To coincide with International Open Data Day, when countries across the globe will show their support for open data policies, Ordnance Survey (OS) announce plans to launch a world-leading digital map as open data and the creation of an engagement hub in London.
This consolidates the UK’s reputation as the most advanced country in the world on open data, as recognised by World Wide Web inventor Sir Tim Berners-Lee last month. It will generate opportunities for enterprise, drive innovation in the digital economy, increase demand for new apps and services and help data-driven businesses to grow.
OS OpenMap, which will be released at the end of March, has been designed to work with the latest mobile and web platforms and will allow developers to build new products incorporating some of the most sophisticated mapping data in the world. It will also enhance the wide range of existing apps that use geospatial data. Targeted at both public sector and commercial users, the map provides an enhanced level of building detail, extended naming of roads and identifies sites such as hospitals and schools – all in a customisable and easy to style format.
Today’s announcements from OS are underpinned by a more liberalised approach to licensing designed to maximise the benefits of the UK’s most valuable data.
This weekend OS will support the UK’s first ever Open Data Camp in Hampshire. Two hundred developers, innovators and entrepreneurs will have a first chance to trial some of the new data to create fresh insights and innovative products and services.
Vince Cable, Secretary of State for Business, Innovation and Skills said:
“Access to open data will open up job opportunities. Britain is already a world-leader at designing and making innovative products. But we need to keep investing and supporting our technology businesses to stay ahead.
“Making this data more accessible means more small and medium companies will be able to use Ordnance Survey’s world-leading maps, combining geographical data from multiple sources and visualising them at a high level of detail.
I am sure this will inspire a number of companies to create sophisticated new products.”
The Geospatial Innovation Hub will provide a space for OS to meet face-to-face with developers and to support the creation of new products and services. The Hub builds on OS’s experience of working with start-ups through their successful GeoVation programme, allowing developers to benefit from expert OS advice.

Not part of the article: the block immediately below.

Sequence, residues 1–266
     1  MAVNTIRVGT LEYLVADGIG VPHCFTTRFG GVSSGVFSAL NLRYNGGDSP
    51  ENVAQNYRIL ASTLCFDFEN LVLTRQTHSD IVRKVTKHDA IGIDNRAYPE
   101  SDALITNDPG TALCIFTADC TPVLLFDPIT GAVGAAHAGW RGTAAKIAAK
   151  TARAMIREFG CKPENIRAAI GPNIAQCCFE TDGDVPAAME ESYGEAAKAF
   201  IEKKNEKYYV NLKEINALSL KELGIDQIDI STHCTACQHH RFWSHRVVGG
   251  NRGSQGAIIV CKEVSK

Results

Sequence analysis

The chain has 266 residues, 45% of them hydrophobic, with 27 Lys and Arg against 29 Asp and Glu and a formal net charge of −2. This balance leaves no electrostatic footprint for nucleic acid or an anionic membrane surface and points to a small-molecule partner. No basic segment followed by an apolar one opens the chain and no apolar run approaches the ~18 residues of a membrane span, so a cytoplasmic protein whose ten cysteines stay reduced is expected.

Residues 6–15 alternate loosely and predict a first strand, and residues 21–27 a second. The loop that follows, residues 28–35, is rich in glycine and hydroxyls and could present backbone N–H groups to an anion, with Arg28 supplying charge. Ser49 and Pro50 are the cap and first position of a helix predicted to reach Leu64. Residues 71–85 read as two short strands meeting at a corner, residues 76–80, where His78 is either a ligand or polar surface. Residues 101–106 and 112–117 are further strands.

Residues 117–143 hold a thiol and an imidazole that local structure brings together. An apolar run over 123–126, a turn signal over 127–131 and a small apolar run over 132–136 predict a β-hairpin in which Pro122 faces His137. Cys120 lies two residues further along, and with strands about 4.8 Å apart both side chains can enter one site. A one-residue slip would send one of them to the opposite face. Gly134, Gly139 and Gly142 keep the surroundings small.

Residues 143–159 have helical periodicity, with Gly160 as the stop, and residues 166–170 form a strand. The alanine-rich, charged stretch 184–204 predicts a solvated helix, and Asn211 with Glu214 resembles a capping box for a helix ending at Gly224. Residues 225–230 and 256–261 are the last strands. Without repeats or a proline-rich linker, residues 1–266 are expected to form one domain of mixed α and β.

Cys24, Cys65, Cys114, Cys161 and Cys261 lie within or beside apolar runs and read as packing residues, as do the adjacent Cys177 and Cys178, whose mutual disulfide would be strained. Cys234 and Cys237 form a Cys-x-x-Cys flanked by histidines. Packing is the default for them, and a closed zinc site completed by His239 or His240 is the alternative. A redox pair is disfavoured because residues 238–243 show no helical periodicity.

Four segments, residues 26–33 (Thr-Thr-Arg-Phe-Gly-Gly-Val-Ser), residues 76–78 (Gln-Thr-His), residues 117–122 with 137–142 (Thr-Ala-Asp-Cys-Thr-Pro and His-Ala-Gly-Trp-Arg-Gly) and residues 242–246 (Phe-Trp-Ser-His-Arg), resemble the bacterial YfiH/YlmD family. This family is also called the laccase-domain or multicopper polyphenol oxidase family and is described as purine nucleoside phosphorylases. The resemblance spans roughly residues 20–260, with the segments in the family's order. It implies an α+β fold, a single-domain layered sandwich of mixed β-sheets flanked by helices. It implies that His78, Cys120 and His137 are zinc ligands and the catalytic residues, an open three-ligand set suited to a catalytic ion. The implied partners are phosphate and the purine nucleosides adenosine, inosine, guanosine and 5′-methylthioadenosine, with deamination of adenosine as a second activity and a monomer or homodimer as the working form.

Matthew Hancock, Business Minister at the Department for Business, Innovation and Skills, said:
“Ordnance Survey has world-beating data and its expertise means that the UK has access to the best and most comprehensive mapping data in the world. I announced earlier this year that Ordnance Survey would move to a Government Company to ensure that it could operate in an increasingly agile and flexible manner in the fast changing geospatial market, and today’s announcement goes hand in hand with that change.
“Ordnance Survey data is already being used by a range of businesses and these developments will enable its open data, as well as its commercial activity, to continue to support growth and innovation in this country.”
Francis Maude, Minister for the Cabinet Office, said:
"As part of this Government’s long-term plan for the economy, we are driving an ambitious transparency programme. Open data is a new raw material and today’s Ordnance Survey announcement builds on the progress which has seen us recognised as the world’s most transparent government. Transparency is an idea whose time has come and we must keep challenging ourselves to do more."
Neil Ackroyd, Ordnance Survey’s Acting Director General and Chief Executive, said:
“Over the last five years Ordnance Survey has been committed to supporting the open data programme in a sustainable way. I am confident these new open data developments will be welcomed across the public and private sector and that it may inspire a new wave of developers and entrepreneurs to work with OS data.
We are delighted to be releasing a new range of open data products, and I am particularly keen to see the new street level product being used across mobile and online services and applications, as it provides an unmatched level of detail at the national level. At Ordnance Survey we believe that open data releases are best supported by additional resources and we have explored ways to improve and modify our licenses and provide supporting initiatives to aid further innovation.”
The announcement today includes:
A significant enhancement to Ordnance Survey’s portfolio of Open Data products:
• OS OpenMap – a new ‘street level’ vector dataset designed to be the most detailed open data mapping product available, providing a backdrop for integrating and visualising analytical data. The new product will provide an enhanced level of detail for buildings including the specific identification of functional sites such as hospitals and schools, extended naming of roads and an extensive set of cartographic names optimised for digital styling and presentation.
• A new Open Water Network – a generalised network product covering Great Britain’s rivers which will deliver a national view of our watercourses.
• A new and improved Gazetteer – for use by people who need the most up to date place names, road names, road numbers and postcodes for use in location searches for both mobile and online uses.
• Supporting the release of UPRNs: www.ordnancesurvey.co.uk/about/news/2015/uprn-release-sharing-location-data.html
Enhanced support for developers and innovators:
• A new Geospatial Innovation Hub; and
• Improved licences for developers.
Today’s announcement also builds on statements earlier this week from Ordnance Survey around how it would be making it easier, and more effective, for public sector users of OS data to publish their own open data.